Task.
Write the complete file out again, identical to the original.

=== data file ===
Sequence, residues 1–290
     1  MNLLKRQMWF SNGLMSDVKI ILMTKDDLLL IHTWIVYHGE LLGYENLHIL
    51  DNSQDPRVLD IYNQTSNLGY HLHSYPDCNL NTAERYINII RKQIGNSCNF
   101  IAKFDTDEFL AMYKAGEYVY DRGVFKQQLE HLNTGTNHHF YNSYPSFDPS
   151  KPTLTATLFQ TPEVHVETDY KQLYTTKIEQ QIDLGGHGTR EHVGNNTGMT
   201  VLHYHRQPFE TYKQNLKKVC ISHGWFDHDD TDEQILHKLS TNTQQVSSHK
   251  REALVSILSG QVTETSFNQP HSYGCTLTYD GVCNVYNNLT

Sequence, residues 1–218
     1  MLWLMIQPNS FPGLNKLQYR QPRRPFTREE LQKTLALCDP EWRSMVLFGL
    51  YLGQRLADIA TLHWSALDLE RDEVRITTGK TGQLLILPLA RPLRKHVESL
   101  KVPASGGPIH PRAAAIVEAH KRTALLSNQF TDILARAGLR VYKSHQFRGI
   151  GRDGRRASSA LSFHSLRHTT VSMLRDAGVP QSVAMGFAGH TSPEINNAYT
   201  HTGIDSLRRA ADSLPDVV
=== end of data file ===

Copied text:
Sequence, residues 1–290
     1  MNLLKRQMWF SNGLMSDVKI ILMTKDDLLL IHTWIVYHGE LLGYENLHIL
    51  DNSQDPRVLD IYNQTSNLGY HLHSYPDCNL NTAERYINII RKQIGNSCNF
   101  IAKFDTDEFL AMYKAGEYVY DRGVFKQQLE HLNTGTNHHF YNSYPSFDPS
   151  KPTLTATLFQ TPEVHVETDY KQLYTTKIEQ QIDLGGHGTR EHVGNNTGMT
   201  VLHYHRQPFE TYKQNLKKVC ISHGWFDHDD TDEQILHKLS TNTQQVSSHK
   251  REALVSILSG QVTETSFNQP HSYGCTLTYD GVCNVYNNLT

Sequence, residues 1–218
     1  MLWLMIQPNS FPGLNKLQYR QPRRPFTREE LQKTLALCDP EWRSMVLFGL
    51  YLGQRLADIA TLHWSALDLE RDEVRITTGK TGQLLILPLA RPLRKHVESL
   101  KVPASGGPIH PRAAAIVEAH KRTALLSNQF TDILARAGLR VYKSHQFRGI
   151  GRDGRRASSA LSFHSLRHTT VSMLRDAGVP QSVAMGFAGH TSPEINNAYT
   201  HTGIDSLRRA ADSLPDVV